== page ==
Thank you for reaching out and sharing your story. Dealing with IBS can be a very long and lonely walk. Like you I suffer with alternating times of loose bowels but then can go days of being constipated. Beyond that, though, is the incredible bloating I get. By night I just suffer so with the buildup of gas that I can’t pass. I hate to try to make any plans. I do tend to hide myself away and yet I so enjoy being with people and socializing. I totally understand how stress can make it all so much worse. I suddenly and with no warning lost a friend from childhood. Her death was a hard blow to me and I am just SO much worse. It’s not that I’m not trying to come to terms with this loss…it’s that once the stress has grabbed hold of my digestion it takes so long to calm down again. Only someone who deals with this monster of IBS can truly understand the life alternating agony it can cause. Just know that you are never alone. Others in the group totally understand…I am one of them.

  • DorisE
    1 year ago

    As a newbie I see there are many articles, comments, conversations that I would like to read all of them…. about the conversation above I am glad that you reached out and received some emotional help.
    For me, maybe I am too open with my small family and few friends – and have told them what happens with the IBS-D – but I did agree to call it “stardust” instead of diarrhea!
    Some people just cannot deal with talking about bodily fluids!
    It’s strange how each member of my family shows their support, as do my few friends.
    Sharing my plight (hell) with older neighbours etc., now they feel comfortable telling me about their, e.g. urine incontinence, etc. etc. After all, I tell them, it is “just” food we have eaten and liquids we have swallowed…. So I try and lighten it up a bit, but honestly I am at the end of my rope with IBS-D plus other illnesses. So, am hoping to look at all the comments and hope that I can find some help here and/or offer something that might help others, although at this point I am not very “positive.” All illnesses, pain, physical, emotional, can be so hard to cope with – is it “worse” because we cannot “prove” we have a physical problem? I feel it is, and my hope is that one day the medical community will find out the root cause for this and many other illnesses. Thanks for reading and thanks for this site.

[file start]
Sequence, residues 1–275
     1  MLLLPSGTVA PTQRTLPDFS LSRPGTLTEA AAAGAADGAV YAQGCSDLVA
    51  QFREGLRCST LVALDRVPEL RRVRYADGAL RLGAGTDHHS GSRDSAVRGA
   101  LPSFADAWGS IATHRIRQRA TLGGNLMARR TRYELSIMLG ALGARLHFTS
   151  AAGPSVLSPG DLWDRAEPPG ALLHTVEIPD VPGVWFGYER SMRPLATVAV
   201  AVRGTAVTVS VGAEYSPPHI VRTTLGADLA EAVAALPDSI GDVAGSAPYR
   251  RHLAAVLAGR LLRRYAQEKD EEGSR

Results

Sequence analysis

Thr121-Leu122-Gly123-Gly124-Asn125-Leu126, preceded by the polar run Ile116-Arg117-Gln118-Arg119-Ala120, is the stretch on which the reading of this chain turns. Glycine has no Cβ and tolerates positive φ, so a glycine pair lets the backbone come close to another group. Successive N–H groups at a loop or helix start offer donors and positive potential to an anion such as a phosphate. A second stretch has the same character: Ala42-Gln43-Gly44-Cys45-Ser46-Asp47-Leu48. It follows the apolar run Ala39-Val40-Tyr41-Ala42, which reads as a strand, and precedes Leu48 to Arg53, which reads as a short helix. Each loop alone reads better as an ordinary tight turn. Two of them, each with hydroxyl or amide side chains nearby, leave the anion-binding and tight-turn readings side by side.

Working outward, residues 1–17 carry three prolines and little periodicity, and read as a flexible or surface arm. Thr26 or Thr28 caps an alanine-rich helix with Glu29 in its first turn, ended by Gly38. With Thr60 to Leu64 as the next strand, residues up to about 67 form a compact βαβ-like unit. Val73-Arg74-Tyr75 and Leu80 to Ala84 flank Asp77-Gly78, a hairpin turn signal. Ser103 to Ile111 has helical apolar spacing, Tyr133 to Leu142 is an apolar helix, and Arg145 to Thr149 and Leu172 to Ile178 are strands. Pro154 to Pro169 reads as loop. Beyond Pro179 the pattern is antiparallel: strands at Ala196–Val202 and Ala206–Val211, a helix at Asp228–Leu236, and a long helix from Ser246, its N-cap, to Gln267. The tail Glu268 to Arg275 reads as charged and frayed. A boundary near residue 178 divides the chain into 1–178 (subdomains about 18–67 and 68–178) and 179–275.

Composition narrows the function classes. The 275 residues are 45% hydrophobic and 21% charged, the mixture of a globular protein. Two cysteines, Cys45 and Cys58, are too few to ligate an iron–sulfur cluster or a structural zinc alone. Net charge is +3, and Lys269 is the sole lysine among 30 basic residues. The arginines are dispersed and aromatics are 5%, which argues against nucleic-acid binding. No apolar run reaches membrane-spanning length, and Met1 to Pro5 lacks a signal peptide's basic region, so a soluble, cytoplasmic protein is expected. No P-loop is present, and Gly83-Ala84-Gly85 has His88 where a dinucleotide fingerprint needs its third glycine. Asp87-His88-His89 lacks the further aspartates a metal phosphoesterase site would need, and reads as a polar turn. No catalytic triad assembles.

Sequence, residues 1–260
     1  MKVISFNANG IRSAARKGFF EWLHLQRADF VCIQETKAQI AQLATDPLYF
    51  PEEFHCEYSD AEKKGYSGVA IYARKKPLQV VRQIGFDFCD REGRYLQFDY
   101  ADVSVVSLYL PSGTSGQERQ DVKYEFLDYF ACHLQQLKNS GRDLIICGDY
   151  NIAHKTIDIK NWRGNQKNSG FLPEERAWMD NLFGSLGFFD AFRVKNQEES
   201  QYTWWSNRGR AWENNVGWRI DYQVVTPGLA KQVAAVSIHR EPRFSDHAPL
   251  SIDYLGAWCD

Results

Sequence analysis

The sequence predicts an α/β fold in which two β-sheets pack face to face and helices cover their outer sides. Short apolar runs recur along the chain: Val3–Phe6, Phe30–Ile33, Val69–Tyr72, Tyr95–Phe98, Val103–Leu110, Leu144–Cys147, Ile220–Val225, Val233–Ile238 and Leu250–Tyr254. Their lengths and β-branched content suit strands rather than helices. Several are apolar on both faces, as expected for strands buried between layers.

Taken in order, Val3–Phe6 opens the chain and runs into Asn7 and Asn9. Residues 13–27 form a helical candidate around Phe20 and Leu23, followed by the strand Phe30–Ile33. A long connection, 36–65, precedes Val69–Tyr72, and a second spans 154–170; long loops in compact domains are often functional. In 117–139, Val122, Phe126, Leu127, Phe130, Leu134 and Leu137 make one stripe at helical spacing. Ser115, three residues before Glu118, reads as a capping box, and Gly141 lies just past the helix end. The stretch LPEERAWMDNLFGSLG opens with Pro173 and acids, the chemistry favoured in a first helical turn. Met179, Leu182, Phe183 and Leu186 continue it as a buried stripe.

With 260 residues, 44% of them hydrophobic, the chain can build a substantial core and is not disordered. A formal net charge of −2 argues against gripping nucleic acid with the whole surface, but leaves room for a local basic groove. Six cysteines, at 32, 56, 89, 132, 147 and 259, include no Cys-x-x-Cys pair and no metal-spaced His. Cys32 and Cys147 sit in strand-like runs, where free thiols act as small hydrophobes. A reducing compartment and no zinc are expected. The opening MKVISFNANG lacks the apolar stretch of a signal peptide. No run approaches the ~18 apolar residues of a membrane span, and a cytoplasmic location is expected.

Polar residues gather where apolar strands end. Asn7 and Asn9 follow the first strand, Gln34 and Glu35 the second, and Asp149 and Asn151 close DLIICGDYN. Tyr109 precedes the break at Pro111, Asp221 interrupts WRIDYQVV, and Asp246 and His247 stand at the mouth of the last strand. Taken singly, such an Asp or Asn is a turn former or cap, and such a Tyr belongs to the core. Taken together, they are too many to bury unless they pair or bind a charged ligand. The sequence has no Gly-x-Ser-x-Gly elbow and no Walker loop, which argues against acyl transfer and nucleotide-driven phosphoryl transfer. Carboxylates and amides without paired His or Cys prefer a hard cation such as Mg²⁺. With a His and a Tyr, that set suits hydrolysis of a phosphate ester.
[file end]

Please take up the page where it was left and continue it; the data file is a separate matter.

Female, age 74, IBSd sufferer for twenty years.

  • Chris Hall moderator
    1 year ago

    Hi @dorise – welcome to our site! We’re so glad to have you here. I’m really glad that you and your neighbors can speak candidly about your conditions. Open communication can be so helpful. I think the medical community is starting to grasp the notion that IBS is very much a problem and that it’s a real problem. I know you mention that you’re not feeling very positive now, but I sincerely hope that you can build connections with others on this site that know how hard IBS is. Thanks so much for sharing! Please let us know if there’s any information we can help you find. – Chris, Team Member

  • Rcosel
    1 year ago

    So true that it helps to get emotional support – and we dont even have to say exactly what is bothering us. just reach out and feel less alone. if no one is available i write in a journal – stream of consciousness – i can always be there for me and it helps to recognize that.